Automation takes center stage
In the immediate future, we will see heavy investment in process automation that reduces dependency on factory floor workers. These include areas like materials movement using autonomous robots, automation of repetitive, labor-intensive tasks with Robotic Process Automation (RPA) or AI, and predictive maintenance enabled by connected systems. AI will also play a key role in driving insights that enable manufacturers to constantly assess the situation and re-plan activities to suit the requirements. AI-driven guidance for critical decisions will also limit human intervention while leading to data-driven decisions. Gartner says that by 2023, manufacturing companies will spend $42.8 billion more on software than they did in 2019.
Centralized remote asset monitoring
Today, most manufacturers lack the ability to get real time visibility across their organizations. Connected technologies can help present a single view of the enterprise, drive remote monitoring and diagnostics of operations and assets, enable digital twins to improve decision making, and create new value streams with servitization. Machine monitoring solutions will play a major role in initializing the Internet of Things within the industry. It is the first step towards Industry 4.0 because beyond monitoring, it creates a next-level communication network within the industry.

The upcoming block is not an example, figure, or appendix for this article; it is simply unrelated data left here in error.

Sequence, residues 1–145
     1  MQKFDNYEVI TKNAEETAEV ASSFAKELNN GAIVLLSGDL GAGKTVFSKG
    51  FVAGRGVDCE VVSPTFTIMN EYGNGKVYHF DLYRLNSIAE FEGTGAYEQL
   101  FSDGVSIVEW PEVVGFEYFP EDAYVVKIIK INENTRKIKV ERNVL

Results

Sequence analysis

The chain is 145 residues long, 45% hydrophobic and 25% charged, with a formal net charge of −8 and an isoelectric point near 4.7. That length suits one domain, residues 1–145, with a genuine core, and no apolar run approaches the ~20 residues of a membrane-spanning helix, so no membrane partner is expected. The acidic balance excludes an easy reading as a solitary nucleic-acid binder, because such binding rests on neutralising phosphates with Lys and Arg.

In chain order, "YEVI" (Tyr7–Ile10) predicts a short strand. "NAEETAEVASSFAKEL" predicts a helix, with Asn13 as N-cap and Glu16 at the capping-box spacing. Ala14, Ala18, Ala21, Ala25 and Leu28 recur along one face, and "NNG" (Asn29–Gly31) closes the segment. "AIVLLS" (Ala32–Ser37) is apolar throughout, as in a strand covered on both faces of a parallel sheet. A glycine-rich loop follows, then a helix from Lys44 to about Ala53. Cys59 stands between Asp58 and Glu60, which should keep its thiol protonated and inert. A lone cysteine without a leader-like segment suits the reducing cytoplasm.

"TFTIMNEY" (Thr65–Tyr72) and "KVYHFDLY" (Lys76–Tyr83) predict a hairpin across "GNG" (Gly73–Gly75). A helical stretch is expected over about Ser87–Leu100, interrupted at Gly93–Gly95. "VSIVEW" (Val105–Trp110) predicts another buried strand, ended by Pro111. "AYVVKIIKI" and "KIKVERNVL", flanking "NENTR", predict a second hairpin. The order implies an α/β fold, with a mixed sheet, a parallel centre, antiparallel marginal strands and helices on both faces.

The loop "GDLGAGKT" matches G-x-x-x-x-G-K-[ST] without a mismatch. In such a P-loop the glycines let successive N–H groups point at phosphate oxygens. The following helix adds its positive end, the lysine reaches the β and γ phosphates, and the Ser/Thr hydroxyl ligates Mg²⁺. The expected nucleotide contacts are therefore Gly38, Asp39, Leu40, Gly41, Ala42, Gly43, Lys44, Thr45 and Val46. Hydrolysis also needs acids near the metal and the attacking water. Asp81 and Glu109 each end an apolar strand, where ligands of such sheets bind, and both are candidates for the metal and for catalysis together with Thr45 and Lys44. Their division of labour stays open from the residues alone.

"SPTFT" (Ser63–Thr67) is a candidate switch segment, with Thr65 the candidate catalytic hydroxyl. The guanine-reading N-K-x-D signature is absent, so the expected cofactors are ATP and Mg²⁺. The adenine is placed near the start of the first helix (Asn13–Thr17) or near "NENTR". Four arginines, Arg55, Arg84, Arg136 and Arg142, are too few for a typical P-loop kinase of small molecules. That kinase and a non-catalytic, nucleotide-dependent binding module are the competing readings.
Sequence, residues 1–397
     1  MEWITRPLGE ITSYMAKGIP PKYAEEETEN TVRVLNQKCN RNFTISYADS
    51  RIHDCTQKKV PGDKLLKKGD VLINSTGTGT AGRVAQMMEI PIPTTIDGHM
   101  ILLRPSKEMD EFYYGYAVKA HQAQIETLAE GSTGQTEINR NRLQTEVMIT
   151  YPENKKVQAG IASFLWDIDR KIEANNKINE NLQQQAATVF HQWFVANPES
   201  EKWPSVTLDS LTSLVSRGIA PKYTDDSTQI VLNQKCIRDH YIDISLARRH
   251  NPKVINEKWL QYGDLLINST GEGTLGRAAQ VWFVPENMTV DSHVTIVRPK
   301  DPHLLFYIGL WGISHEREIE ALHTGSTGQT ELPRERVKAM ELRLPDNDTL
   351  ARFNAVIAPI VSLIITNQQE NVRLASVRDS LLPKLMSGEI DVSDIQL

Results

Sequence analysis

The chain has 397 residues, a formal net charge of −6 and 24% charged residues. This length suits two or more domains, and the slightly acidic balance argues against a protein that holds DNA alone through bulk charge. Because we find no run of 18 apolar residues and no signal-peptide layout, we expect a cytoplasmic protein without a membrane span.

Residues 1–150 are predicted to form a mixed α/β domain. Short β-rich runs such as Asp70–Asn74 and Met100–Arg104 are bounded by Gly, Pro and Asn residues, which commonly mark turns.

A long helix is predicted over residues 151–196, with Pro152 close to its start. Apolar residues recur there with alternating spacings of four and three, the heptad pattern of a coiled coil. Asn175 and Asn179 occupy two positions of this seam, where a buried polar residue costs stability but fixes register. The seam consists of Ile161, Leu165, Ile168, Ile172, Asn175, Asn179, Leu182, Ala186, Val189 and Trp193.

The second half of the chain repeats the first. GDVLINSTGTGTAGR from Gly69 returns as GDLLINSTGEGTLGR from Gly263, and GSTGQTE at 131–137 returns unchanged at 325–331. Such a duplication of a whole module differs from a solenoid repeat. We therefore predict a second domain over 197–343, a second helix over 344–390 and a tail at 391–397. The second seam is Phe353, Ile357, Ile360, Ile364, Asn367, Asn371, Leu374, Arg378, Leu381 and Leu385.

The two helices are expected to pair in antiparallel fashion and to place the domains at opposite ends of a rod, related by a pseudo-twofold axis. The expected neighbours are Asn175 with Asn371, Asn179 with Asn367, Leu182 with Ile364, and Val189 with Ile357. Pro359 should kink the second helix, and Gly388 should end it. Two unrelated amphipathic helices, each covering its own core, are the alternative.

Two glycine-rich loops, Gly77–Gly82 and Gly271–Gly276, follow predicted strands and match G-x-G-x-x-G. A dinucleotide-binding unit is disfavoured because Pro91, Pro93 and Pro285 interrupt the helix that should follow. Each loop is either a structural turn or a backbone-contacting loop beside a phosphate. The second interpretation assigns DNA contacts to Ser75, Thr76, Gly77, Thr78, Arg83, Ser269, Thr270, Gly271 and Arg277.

Building resilient supply chains
COVID-19 crisis is neither the first disruption, nor will it be the last. Manufacturers need to rethink their supply chains and make them more resilient in the face of change. This requires a keener, real-time situational awareness to identify and fix weak links and a proactive stance against risk. Innovative use of technology, such as using 3D printing for spare parts can also cushion against supply shocks.
Building resilience into supply chains will not happen overnight. Companies have to plan a phased approach to modernization, and adopt technology that will allow visibility, enable real time monitoring, and help predict and prevent failures.
The way ahead for manufacturers after COVID-19
While most countries have only allowed critical manufacturing operations, they do have a plan to re-start non-critical production as the COVID-19 crisis resolves.
As manufacturers start rebuilding for the future, they need to think Digital First and People First. The immediate action is to start building an organization that supports digital operations and looks at the convergence of IT and OT to support digital engineering. However, in the long run, the mindset of efficiency and throughput needs to evolve and shift to one of market-centricity and resiliency. High on the agenda for the manufacturing leadership is to transition to an intelligent enterprise and deliver innovation at scale, and build the ability to pivot quickly in response to market conditions. Only a shift to becoming an agile, automated, technology-driven entity can prepare manufacturers for the next disruption. Will you be ready?
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2 Talent Management Survey 2019, IDC, April, 2019